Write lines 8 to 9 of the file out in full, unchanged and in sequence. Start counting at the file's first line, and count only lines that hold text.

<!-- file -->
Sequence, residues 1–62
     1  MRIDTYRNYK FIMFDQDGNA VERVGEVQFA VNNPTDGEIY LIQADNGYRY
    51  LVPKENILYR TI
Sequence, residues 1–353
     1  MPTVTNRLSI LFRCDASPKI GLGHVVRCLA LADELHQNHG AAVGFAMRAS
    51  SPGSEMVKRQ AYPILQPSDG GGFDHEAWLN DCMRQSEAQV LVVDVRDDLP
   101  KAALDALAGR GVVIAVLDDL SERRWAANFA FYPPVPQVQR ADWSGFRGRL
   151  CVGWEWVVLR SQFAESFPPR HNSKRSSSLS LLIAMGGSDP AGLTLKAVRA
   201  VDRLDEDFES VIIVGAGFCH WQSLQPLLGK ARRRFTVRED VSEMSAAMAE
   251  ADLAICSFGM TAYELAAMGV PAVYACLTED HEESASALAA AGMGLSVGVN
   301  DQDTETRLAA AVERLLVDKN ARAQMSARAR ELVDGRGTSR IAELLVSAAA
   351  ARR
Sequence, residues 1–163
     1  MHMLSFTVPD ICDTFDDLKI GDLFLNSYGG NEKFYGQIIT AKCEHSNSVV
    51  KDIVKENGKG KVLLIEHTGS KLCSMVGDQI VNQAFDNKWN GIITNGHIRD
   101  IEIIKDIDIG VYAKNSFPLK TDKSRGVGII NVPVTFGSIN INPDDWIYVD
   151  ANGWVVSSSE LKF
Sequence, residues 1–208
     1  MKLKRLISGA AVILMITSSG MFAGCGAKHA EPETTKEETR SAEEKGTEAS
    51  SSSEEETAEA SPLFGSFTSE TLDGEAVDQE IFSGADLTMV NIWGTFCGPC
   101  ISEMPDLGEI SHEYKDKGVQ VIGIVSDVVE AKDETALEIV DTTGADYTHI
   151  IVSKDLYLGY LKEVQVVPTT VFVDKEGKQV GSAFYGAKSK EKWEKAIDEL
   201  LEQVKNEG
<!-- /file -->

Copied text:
   151  CVGWEWVVLR SQFAESFPPR HNSKRSSSLS LLIAMGGSDP AGLTLKAVRA
   201  VDRLDEDFES VIIVGAGFCH WQSLQPLLGK ARRRFTVRED VSEMSAAMAE